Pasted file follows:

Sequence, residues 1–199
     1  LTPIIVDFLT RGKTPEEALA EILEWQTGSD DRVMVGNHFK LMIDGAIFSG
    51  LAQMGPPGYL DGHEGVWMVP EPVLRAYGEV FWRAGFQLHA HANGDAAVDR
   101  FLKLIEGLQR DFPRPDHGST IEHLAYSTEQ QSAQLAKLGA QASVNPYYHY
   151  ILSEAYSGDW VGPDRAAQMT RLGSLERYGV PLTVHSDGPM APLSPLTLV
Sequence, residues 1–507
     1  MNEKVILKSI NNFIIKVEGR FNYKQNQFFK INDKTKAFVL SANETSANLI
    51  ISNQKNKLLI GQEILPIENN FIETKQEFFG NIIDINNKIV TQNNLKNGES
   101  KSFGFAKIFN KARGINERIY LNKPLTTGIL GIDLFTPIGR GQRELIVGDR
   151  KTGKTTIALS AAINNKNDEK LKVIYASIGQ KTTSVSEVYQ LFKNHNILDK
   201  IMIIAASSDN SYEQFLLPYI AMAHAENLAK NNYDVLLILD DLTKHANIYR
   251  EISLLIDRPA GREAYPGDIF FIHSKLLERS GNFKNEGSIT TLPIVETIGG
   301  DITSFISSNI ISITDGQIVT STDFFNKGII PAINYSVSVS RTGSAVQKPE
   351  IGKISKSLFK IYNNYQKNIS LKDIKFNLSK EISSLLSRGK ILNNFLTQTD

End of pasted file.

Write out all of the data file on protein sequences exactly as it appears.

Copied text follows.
Sequence, residues 1–199
     1  LTPIIVDFLT RGKTPEEALA EILEWQTGSD DRVMVGNHFK LMIDGAIFSG
    51  LAQMGPPGYL DGHEGVWMVP EPVLRAYGEV FWRAGFQLHA HANGDAAVDR
   101  FLKLIEGLQR DFPRPDHGST IEHLAYSTEQ QSAQLAKLGA QASVNPYYHY
   151  ILSEAYSGDW VGPDRAAQMT RLGSLERYGV PLTVHSDGPM APLSPLTLV
Sequence, residues 1–507
     1  MNEKVILKSI NNFIIKVEGR FNYKQNQFFK INDKTKAFVL SANETSANLI
    51  ISNQKNKLLI GQEILPIENN FIETKQEFFG NIIDINNKIV TQNNLKNGES
   101  KSFGFAKIFN KARGINERIY LNKPLTTGIL GIDLFTPIGR GQRELIVGDR
   151  KTGKTTIALS AAINNKNDEK LKVIYASIGQ KTTSVSEVYQ LFKNHNILDK
   201  IMIIAASSDN SYEQFLLPYI AMAHAENLAK NNYDVLLILD DLTKHANIYR
   251  EISLLIDRPA GREAYPGDIF FIHSKLLERS GNFKNEGSIT TLPIVETIGG
   301  DITSFISSNI ISITDGQIVT STDFFNKGII PAINYSVSVS RTGSAVQKPE
   351  IGKISKSLFK IYNNYQKNIS LKDIKFNLSK EISSLLSRGK ILNNFLTQTD